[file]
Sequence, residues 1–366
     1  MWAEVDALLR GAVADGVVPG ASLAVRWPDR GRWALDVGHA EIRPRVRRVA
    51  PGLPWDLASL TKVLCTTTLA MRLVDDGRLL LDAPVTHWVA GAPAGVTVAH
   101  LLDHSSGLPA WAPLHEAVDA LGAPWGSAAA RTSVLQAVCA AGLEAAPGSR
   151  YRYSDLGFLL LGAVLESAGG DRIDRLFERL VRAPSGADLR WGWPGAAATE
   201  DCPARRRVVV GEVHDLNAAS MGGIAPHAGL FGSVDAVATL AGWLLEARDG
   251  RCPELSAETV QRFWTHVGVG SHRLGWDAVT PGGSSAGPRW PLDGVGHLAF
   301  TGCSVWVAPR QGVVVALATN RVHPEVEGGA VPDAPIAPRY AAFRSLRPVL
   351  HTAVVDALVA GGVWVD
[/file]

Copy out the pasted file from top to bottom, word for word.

Sequence, residues 1–366
     1  MWAEVDALLR GAVADGVVPG ASLAVRWPDR GRWALDVGHA EIRPRVRRVA
    51  PGLPWDLASL TKVLCTTTLA MRLVDDGRLL LDAPVTHWVA GAPAGVTVAH
   101  LLDHSSGLPA WAPLHEAVDA LGAPWGSAAA RTSVLQAVCA AGLEAAPGSR
   151  YRYSDLGFLL LGAVLESAGG DRIDRLFERL VRAPSGADLR WGWPGAAATE
   201  DCPARRRVVV GEVHDLNAAS MGGIAPHAGL FGSVDAVATL AGWLLEARDG
   251  RCPELSAETV QRFWTHVGVG SHRLGWDAVT PGGSSAGPRW PLDGVGHLAF
   301  TGCSVWVAPR QGVVVALATN RVHPEVEGGA VPDAPIAPRY AAFRSLRPVL
   351  HTAVVDALVA GGVWVD